Surgical Treatment for Recurrent Benign Paroxysmal Positional Vertigo


Int. Arch. Otorhinolaryngol.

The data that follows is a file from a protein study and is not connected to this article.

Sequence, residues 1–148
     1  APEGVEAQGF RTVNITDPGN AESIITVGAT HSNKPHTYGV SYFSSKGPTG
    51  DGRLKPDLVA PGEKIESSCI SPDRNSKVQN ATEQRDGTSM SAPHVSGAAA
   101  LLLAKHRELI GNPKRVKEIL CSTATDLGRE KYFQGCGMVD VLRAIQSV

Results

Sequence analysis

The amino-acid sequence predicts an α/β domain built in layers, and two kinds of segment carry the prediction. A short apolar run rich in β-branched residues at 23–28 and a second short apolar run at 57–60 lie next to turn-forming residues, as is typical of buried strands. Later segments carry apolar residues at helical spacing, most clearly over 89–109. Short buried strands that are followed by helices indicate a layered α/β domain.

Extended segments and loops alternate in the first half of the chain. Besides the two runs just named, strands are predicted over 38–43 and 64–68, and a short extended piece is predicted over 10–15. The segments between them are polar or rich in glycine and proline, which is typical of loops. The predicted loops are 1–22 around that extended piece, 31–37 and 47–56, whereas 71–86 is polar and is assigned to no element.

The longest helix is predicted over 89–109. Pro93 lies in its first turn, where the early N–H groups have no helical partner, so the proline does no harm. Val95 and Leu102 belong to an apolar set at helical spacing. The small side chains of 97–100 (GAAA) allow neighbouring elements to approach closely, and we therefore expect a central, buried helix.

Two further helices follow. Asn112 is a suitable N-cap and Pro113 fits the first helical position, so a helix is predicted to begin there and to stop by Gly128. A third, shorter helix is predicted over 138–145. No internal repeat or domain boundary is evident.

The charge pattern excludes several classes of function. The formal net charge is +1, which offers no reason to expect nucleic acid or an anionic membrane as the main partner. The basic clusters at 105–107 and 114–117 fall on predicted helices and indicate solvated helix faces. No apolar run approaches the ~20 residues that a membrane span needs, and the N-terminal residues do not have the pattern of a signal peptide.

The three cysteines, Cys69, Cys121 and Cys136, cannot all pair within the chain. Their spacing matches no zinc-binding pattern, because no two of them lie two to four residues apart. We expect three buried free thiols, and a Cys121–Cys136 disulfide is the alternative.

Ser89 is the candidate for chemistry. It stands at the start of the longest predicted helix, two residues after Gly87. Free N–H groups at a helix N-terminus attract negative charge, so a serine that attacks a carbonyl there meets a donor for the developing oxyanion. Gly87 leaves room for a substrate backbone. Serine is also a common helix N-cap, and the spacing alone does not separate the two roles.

Abstract Introduction Benign paroxysmal positional vertigo is a generally benign condition that responds to repositioning maneuvers and frequently resolves spontaneously. However, for some patients it can become a disabling condition in which surgery must be considered. Two different surgical techniques exist, singular neurectomy and posterior semicircular canal occlusion. Objective The objective of this study is to review the current status of singular nerve section and posterior semicircular canal occlusion as treatments for intractable benign paroxysmal positional vertigo, and to determine if there are published data available that favors one over the other. Data Sources MEDLINE and OLDMEDLINE databases of the National Library of Medicine. Data Synthesis Four studies regarding singular neurectomy and 14 reports on semicircular canal occlusion were analyzed. Both techniques are reported to provide similar symptomatic benefit, with low risk of hearing loss and balance impairment. However, anatomical and clinical studies of singular neurectomy show it to be a more challenging technique, and considering that it is indicated in a very small number of cases, it may be difficult to master. Conclusions Both singular neurectomy and semicircular canal occlusion can be safe and effective in those few patients that require surgery for intractable positional vertigo. Although semicircular canal occlusion requires a postauricular transmastoid approach, it is ultimately easier to learn and perform adequately, and thus may be considered the best alternative.

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